Affectionately nicknamed "Goose," the Grumman G-21 was the inspiration of 10 wealthy New York businessmen and aviators. Led by Wilton Lloyd-Smith, the group was seeking a replacement for the Loening Air Yacht they used to commuted from their Long Island homes to their offices in Manhattan. In 1936 they approached aeronautical engineer and entrepreneur Grover Loening, who had designed the Air Yacht. Loening declined to build a new airplane for them, but he suggested that the group contact the Grumman Aircraft Engineering Corporation, for which Loening consulted and which he had helped finance. Leroy Grumman accepted and immediately went to work with designer and company co-founder William Schwendler, as well as hydrodynamicist Ralston Stalb, to build a G-21 amphibian "air yacht."
The outline of the design of the G-21 emerged quickly: It would be a stubby yet graceful aircraft. Constructed of 24ST Alclad aluminum, the Goose was an all-metal, high-wing monoplane powered by two 450-horsepower Pratt & Whitney Wasp Junior radial engines mounted on the leading edge of the high-set wings. The deep fuselage served also as a hull and was equipped with hand-cranked retractable landing gear. The cabin had room for four to six passengers and a flight crew of two. Depending on the level of comfort desired by the customer, the G-21 could be fitted with galley and lavatory. Floats were suspended beneath each wing, and a conventional cruciform tail section was installed.
On May 29, 1937, the G-21 completed its first test flight, piloted by Robert L. Hall and Bud Gillies from Grumman' Bethpage, New York factory. Flight trials went smoothly, and after a lengthening of the hull step to improve performance on water, aircraft production was readied. The performance of the G-21 was praiseworthy for its time, rivaling commercial airliners in service. With a cruising speed of 180 mph, the G-21 had a range of 800 miles.
On July 3, five weeks after its maiden flight, the first G-21 to leave the factory was delivered to customers Wilton Lloyd-Smith and department heir Marshall Field III. Soon other affluent owners were enjoying the exemplary flight characteristics and handling of the Goose: financiers Henry H. Morgan and E. Roland Harriman, C.W. Deeds of United Aircraft, Colonel McCormick of the Chicago Tribune, Sikorsky Aircraft test pilot Boris Sergievsky, and Britain's Lord Beaverbrook.
Orders also cam in to Grumman from foreign customers. KNILM, the Dutch East Indies subsidiary of KLM, acquired two G-21s and operated them from 1940 until early 1942, when the last one was shot down by the invading Japanese. The outbreak of World War II prevented airline adoption of the Goose on a wider scale.
The Royal Canadian Air Force was the first military service to recognize the abilities of the Goose, ordering one in June 1938. This purchase was soon followed by orders from the U.S. Army and Navy, as well as the Peruvian air force and Portuguese navy. During World War II, the U.S. Army was the first to order a substantial quantity, operating 26 as OA-9s and OA-13s. The U.S. Navy and Coast Guard operated 169 Gooses, designated JRFs, in utility, transport, and anti-submarine capacities. France flew at least 15 in combat in Indochina, where several JRFs wer armed with bombs and machine guns. By October 1945, when production ended, a total of 345 G-21s had been produced, and the craft were serving the air forces and navies of 11 nations.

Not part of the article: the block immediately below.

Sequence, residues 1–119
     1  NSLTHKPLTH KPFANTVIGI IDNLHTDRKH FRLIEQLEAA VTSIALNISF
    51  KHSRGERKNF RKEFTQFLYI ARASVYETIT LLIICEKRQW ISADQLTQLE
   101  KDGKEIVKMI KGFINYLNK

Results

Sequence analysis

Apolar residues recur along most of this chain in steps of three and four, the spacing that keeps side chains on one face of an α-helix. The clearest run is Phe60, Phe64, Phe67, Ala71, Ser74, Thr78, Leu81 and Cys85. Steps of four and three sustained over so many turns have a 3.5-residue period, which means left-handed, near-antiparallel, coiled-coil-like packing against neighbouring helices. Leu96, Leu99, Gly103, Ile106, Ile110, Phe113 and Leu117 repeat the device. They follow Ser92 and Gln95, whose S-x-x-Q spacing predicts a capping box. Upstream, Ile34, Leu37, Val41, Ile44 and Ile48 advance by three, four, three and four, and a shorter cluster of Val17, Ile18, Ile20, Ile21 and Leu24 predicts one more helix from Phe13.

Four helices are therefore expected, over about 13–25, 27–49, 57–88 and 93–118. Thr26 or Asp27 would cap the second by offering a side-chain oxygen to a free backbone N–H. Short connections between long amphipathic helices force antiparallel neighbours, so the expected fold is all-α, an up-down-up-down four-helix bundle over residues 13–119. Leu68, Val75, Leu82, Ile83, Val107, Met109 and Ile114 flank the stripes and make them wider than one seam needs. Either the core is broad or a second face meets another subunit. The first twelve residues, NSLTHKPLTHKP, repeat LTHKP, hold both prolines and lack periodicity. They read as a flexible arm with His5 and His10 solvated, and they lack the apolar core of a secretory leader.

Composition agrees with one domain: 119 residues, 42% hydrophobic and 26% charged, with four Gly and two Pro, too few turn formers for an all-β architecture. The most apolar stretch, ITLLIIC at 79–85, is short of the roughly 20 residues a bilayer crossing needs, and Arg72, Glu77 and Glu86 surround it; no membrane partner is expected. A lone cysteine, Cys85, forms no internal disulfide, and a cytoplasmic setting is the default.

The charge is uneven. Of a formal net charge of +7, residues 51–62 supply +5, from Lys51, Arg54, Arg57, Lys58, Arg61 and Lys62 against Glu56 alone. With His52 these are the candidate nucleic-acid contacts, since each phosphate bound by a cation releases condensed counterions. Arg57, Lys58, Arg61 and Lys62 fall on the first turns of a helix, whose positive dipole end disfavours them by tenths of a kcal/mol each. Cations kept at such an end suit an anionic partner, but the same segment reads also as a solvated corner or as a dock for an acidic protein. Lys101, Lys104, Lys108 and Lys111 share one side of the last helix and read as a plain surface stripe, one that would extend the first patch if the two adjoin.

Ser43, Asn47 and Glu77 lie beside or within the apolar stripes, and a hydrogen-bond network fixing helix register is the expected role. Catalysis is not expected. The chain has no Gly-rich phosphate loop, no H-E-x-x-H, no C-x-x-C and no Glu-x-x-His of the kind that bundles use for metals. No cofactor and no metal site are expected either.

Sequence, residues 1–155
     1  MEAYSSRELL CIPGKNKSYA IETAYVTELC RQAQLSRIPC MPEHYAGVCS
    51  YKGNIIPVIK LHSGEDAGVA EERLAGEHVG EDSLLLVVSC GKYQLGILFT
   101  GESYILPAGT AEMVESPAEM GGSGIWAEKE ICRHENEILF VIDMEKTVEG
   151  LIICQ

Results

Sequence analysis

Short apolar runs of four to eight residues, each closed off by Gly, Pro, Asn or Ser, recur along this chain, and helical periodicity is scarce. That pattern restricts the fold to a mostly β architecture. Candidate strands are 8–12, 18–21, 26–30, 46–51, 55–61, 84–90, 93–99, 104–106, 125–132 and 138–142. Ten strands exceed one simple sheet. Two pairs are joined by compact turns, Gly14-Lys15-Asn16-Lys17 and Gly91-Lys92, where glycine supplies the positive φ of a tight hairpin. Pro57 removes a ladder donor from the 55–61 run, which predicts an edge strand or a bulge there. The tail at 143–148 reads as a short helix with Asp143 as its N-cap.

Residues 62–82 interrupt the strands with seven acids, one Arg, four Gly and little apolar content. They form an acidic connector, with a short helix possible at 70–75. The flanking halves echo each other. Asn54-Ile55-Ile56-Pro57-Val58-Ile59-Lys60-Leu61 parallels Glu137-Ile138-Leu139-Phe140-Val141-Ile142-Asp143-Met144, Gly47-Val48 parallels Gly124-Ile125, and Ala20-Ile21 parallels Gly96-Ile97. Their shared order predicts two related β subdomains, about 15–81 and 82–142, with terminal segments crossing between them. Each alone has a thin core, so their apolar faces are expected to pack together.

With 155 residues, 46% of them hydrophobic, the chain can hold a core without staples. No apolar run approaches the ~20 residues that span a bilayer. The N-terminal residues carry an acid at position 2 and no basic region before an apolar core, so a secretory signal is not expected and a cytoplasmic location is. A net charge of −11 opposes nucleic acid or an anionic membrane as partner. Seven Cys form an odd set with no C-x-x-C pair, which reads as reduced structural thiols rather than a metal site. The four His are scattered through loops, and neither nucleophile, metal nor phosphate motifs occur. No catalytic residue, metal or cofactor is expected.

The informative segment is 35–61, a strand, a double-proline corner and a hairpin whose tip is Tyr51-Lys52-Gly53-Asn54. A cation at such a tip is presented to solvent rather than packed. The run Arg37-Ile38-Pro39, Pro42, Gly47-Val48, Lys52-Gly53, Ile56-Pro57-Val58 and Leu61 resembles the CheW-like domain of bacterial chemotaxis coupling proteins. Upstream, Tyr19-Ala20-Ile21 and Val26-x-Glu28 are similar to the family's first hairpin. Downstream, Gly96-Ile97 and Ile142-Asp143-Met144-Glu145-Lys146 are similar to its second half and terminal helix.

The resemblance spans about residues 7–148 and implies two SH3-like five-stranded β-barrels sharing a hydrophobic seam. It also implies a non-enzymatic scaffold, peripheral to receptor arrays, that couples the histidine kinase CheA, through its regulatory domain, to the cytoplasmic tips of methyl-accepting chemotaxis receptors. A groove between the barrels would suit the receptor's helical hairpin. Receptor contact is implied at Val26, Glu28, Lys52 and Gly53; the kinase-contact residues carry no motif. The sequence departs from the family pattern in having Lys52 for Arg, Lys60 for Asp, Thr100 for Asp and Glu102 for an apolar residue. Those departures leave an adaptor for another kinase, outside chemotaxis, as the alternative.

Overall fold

After World War II, most G-21s were quickly phase out of military service, but the Goose renewed its career as an airliner. Uniquely adapted for travel in virtually any environment, the Goose saw widespread service with small airlines in the Caribbean, California, and Alaska. Among those flying the G-21 were Reeve Aleutian Airways, Alaska Coastal Airlines, Chalk's Flying Service, and Mackey Airlines. Antilles Air Boats was particularly noted for flying the Goose around the Caribbean from its base in St. Croix in the Virgin Islands. Avalon Air Transport (late Catalina Airlines) competed for a while with Catalina Seaplanes, connecting souther California with Catalina Island.
The Grumman G-21A in the National Air and Space Museum's collection was built in 1938 for the Venezuela Oil Development Branch of the Asiatic Petroleum Company. It was delivered on December 10 without luxury appointments, but it was outfitted with special cactus-proof tires for operation in remote areas. It was later sold and flown in Ecuador until 1951, when it was returned to Grumman and refurbished with sound proofing, a camera door, and new paint. For the next 20 years, the G-21 was flown as an airliner. It became part of the Museum collection in 1983.
The Grumman Goose still flies today, both in its original form and with turboprop engines added for increased performance. For over 50 years, the rugged and versatile G-21 has performed its daily tasks, providing much-needed service carrying passengers and freight throughout the world.
--F. Robert van der Linden
Adapted from Aircraft of the Air and Space Museum, edited by F. Robert van der Linden, Smithsonian Institution Press, 1998.